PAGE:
The ‘Authentic’ experience
What is the ‘authentic’ experience or ‘authentic’ interpretation? In the early music world this is something people sometimes reference or discuss and can be a loaded word to use. To clarify, in the ‘early music’ or ‘period performance’ world we play on the instruments as they were in the era the music was composed; so for example, Beethoven had access to new instruments like the contra bassoon and clarinet that Purcell and Bach didn’t know existed. All of the instruments you see in the modern orchestra have changed and developed over the years in an effort to make the musician’s life easier and also to get a wider pitch range.
So, back to my original point of ‘authenticity’: it’s hard to know exactly what it was like 100, 200 or 300 years ago but there are a lot of sources that give us an idea. This is what we try to do in the ‘early music world’: we want to explore the roots of the compositions not just in an historical or political context but also the way in which people would have played. Just like clothing, styles come in and out of fashion; this is also true of musical styles and the way in which people play and the sounds they are experimenting with. Each generation is commenting on or pulling away from the generation before. This is one aspect of human nature that never seems to change!
The reason I began thinking about the idea of ‘authenticity’ is because I’ve been working with an amazing group of musicians in Boxwood and Brass. As the name suggests they are a group of wind and brass players that perform music from the era and do what we in The Australian Haydn Ensemble do but in the wind/brass version. This is to say, they do a lot of arrangements of symphonies written in the classical period. This was a common practice in the classical era and for many people they would have only known or at least definitely been better acquainted with the arrangement versions of Beethoven and Mozart Symphonies.
Whilst performing with Boxwood and Brass we decided to read through a few sketches of an arrangement of Beethoven’s 9th Symphony. The epic 9th for 9-10 musicians! Yes, it might sound impossible or ambitious but it was amazing how well it worked. During this reading it was like discovering the piece for the first time; every musician has a lot additions in their parts and in some cases have things missing from their orchestral part. When you know a piece so well (Beethoven 9 has to be one of my all time favourites and I know it extremely well), it’s amazing how difficult it can be to read when you are not hearing what you expect. The arrangements turn everything on its head and you suddenly hear the bare bones of the piece and colours and textures that are just not possible to achieve in an orchestra, not to mention the virtuosity required from the musicians. The result of this read through made me realize just how crazy Beethoven 9 is. We had a number of hilarious moments, not knowing what was going on or how to make our part fit with the others.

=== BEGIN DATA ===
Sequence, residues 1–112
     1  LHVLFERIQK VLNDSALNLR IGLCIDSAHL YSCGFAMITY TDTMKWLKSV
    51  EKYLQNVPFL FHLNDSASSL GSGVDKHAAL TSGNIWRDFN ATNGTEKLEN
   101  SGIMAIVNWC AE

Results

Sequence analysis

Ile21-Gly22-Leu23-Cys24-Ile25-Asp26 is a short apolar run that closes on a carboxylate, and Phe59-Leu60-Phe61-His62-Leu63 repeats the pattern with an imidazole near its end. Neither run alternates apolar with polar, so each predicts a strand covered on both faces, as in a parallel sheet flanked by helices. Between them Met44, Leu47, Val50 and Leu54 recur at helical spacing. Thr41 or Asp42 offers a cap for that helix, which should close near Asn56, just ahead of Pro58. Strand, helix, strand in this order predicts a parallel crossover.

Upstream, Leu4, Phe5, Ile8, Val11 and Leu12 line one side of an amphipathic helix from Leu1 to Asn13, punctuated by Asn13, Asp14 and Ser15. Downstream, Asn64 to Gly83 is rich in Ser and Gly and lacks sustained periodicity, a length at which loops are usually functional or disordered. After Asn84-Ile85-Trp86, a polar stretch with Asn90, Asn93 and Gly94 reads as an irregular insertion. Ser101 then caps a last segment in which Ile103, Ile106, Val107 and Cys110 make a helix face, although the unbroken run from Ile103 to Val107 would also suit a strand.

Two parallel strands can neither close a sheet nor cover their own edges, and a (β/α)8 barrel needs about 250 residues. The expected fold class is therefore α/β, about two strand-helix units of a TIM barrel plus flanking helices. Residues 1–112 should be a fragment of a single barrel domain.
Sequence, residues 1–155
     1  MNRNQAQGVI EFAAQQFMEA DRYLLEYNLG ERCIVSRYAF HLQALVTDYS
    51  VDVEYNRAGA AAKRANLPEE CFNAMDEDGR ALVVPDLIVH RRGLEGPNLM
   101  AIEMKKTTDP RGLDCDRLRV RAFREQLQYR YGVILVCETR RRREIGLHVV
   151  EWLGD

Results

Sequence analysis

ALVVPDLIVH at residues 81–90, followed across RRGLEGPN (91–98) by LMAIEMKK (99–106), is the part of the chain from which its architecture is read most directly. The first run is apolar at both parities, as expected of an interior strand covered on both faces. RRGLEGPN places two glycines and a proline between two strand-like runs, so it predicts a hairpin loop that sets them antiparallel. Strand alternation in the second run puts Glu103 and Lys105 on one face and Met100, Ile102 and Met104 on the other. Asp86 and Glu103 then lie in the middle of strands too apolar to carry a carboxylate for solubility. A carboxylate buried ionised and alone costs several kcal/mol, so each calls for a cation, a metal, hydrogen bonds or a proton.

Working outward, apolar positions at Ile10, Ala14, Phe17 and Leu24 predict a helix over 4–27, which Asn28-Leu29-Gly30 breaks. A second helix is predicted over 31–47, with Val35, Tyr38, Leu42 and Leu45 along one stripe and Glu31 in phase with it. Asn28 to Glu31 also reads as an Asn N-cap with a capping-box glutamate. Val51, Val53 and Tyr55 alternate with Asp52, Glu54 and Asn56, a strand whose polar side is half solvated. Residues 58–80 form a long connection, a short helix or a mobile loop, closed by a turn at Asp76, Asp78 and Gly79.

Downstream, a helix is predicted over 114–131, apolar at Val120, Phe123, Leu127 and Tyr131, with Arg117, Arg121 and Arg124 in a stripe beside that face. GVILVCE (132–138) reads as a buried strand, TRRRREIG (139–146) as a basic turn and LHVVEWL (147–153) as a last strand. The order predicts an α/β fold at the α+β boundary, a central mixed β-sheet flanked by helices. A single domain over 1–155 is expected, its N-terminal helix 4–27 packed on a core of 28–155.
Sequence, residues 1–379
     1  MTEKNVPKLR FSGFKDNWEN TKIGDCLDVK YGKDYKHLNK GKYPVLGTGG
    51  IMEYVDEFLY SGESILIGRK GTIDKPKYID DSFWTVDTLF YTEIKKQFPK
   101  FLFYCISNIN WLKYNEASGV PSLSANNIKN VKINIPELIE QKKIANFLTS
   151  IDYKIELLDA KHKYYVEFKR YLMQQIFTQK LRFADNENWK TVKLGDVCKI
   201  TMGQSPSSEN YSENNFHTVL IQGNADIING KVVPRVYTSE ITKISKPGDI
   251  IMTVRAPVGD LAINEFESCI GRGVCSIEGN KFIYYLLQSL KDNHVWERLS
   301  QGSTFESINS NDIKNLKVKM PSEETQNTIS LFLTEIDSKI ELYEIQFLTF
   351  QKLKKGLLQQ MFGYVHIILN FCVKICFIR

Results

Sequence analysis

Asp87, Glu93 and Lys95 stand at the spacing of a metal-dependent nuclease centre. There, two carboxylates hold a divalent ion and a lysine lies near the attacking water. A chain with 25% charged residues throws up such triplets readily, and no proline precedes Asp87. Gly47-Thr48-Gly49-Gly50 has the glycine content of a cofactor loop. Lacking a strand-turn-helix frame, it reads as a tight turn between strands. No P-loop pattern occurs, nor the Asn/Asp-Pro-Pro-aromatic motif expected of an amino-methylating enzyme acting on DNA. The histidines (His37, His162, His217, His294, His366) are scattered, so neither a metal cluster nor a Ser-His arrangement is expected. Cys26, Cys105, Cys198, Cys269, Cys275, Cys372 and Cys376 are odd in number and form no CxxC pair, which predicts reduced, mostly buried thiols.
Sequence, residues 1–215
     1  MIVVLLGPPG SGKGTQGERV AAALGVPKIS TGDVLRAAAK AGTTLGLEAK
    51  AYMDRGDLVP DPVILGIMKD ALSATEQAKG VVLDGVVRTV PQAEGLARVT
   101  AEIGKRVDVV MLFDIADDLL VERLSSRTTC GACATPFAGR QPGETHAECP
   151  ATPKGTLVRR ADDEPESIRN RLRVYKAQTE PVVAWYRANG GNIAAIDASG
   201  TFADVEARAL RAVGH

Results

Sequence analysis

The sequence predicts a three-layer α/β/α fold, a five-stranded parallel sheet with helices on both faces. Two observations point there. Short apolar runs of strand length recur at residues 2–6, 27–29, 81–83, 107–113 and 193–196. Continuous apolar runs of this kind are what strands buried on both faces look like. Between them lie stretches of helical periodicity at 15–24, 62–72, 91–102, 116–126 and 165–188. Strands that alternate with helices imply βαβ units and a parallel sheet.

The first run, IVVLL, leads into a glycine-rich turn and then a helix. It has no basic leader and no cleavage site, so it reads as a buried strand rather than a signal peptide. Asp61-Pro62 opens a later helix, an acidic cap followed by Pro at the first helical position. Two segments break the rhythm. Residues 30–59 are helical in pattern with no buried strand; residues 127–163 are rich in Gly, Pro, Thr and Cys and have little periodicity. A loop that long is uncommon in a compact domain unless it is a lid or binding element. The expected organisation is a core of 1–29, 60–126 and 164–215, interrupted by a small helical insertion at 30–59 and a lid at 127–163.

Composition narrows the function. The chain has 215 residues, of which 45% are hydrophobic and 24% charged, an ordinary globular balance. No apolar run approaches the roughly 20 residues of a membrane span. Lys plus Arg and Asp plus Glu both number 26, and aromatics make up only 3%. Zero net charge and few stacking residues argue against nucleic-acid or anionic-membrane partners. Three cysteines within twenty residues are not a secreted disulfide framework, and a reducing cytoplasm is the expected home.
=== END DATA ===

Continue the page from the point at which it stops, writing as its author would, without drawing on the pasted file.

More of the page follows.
Today we have the advantage of recordings and 200 odd years since Beethoven was composing; we can see what he was pushing towards. Now, when you get back to the bare bones as we do in these arrangements, you suddenly realize just how innovative some of this music is and we get a glimpse into what the musicians reading Beethoven 9 for the premiere might have felt or thought – it was chaos! This I suppose is one way we can get the ‘authentic’ experience for both audiences and musicians alike.